• A flow chart of a method for controlled access to a tamper-resistant network-attached energy system according to one embodiment is presented in FIG. 2. In step 201, microprocessor 106 idles energy system 100 in a minimal-output state. In this minimal-output state, energy system 100 outputs minimal current (e.g., less than 1 mA) which allows energy system 100 to maintain its own baseline functions while not outputting energy to charge or run utilization equipment 130. Baseline functions include operation of system components (e.g., operation of clock 109 to maintain accurate real-time), operation of user interface 110 (e.g., to allow a user to communicate with account server 120 or to enter an activation code to utilize energy from the system), operation of charger 103 and battery 104 (e.g., to receive and store energy from energy source 101), and operation of network adapter 105 (e.g., to allow microprocessor 106 to communicate with account server 120).
  • In step 202, microprocessor 106 receives an activation code. In one embodiment, the activation code is input to energy system 100 via user interface 110. In other embodiments, the activation code is input to energy system 100 from account server 120 through network connection 115 (e.g., after user-input of credit card information through user interface 110 to prepay account server 120). In another embodiment, a ringtone with an encoded activation code (e.g., a ringtone obtained as a file from account server 120) is played in proximity to user interface 110, thereby conveying an encoded activation code to energy system 100.
  • In step 203, microprocessor 106 determines whether the activation code received in step 202 is valid. To make that determination, microprocessor 106 communicates through network adapter 105 across network connection 115 with account server 120. As part of this validation, account server 120 communicates an available usage balance associated with the activation code. The usage balance establishes usage credit available (e.g., in time units or in energy units) to transfer energy into energy system 100 or out of energy system 100. If account server 120 does not communicate that the activation code is valid, then microprocessor 106 does not transfer energy to energy system 101 and/or to utilization equipment 130 and energy system 101 returns to the minimal output state of step 201.
  • If, in step 203, microprocessor 106 determines that the activation code is valid, then, in step 204, microprocessor 106 directs the transfer of energy into or out of energy system 100. In one embodiment, microprocessor 106 communicates with energy conversion circuit 108 to output energy to utilization equipment 130. In another embodiment, microprocessor 106 communicates with energy source 101 to input energy into energy system 100.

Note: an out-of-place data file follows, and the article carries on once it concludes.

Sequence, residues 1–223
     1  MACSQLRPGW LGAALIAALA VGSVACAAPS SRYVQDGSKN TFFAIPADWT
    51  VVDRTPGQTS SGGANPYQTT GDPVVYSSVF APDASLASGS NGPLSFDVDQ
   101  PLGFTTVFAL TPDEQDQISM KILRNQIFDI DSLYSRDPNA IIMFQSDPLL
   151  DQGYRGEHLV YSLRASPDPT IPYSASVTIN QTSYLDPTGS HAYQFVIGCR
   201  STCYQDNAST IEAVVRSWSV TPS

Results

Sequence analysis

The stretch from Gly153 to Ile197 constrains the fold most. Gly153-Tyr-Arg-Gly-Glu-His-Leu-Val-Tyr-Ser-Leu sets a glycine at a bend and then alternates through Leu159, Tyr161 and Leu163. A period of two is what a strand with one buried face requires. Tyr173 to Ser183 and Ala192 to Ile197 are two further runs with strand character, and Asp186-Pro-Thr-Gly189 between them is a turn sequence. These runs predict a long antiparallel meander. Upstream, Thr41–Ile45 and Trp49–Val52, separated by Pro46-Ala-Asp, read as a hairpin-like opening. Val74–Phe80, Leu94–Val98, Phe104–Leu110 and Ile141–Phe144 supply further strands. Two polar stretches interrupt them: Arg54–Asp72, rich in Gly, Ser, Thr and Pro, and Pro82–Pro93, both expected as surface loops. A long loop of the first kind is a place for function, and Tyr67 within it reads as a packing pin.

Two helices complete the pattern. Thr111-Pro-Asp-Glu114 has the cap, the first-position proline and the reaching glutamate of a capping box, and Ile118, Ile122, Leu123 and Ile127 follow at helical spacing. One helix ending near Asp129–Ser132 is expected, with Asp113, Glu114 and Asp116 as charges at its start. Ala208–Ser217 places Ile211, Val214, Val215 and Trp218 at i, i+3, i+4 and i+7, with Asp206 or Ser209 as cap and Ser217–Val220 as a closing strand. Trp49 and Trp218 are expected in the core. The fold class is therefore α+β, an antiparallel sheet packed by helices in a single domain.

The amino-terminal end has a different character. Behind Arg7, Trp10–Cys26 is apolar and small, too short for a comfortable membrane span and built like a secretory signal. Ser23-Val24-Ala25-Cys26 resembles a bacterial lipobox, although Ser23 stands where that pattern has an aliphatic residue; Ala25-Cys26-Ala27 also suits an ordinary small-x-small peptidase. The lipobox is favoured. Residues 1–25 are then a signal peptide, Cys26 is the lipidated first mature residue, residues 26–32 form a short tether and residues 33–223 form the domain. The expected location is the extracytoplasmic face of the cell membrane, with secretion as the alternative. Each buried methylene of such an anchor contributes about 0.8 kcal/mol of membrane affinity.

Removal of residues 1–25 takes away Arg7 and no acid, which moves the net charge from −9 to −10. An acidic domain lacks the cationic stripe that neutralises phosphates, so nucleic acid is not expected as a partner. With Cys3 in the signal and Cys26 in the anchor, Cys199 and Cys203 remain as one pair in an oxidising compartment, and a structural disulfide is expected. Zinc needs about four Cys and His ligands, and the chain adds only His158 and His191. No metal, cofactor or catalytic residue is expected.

• In step 205, microprocessor 106 periodically updates the available usage balance as energy is transferred into or out of energy system 100. Energy can be transferred into or out of energy system 100 under a time-based usage model or an energy- delivered usage model.
  • Under the time-based usage model, the available usage balance is an amount of time (e.g., hours) available during which energy can be input to or output from energy system 100. In one embodiment of this model, upon activation of the activation code, microprocessor 106 determines a current time from clock 109 and stores the current time in memory as a start time. Microprocessor 106 also determines an end time (after which energy cannot be input to or output from energy system 100 on-demand) by adding the usage credit to the start time. As energy is input to, or output from, energy system 100, microprocessor 106 periodically retrieves a current time from clock 109 and compares the current time to the end time. Once the current time equals the end time, then microprocessor 106 no longer allows energy to be input to or output from energy system 100.
  • In other embodiments of the time-based usage model, as energy is transferred into or out of energy system 100, microprocessor 106 monitors clock 109 in real-time and periodically subtracts the time over which energy is being transferred from the usage balance to determine an updated available usage balance. Thus, in one embodiment, microprocessor 106 updates (e.g., reduces) the usage balance to reflect how long energy is output to utilization equipment 130. In another embodiment, microprocessor 106 updates (e.g., reduces) the usage balance to reflect how long energy is input to energy system 100.
  • In yet another embodiment of the time-based usage model, microprocessor 106 tracks the passage of time—regardless of whether or how much energy is input to or output from energy system 100—until the amount of time defined by the usage balance has expired. Once microprocessor 106 determines that amount of time has expired, then energy is no longer input to or output from energy system 100.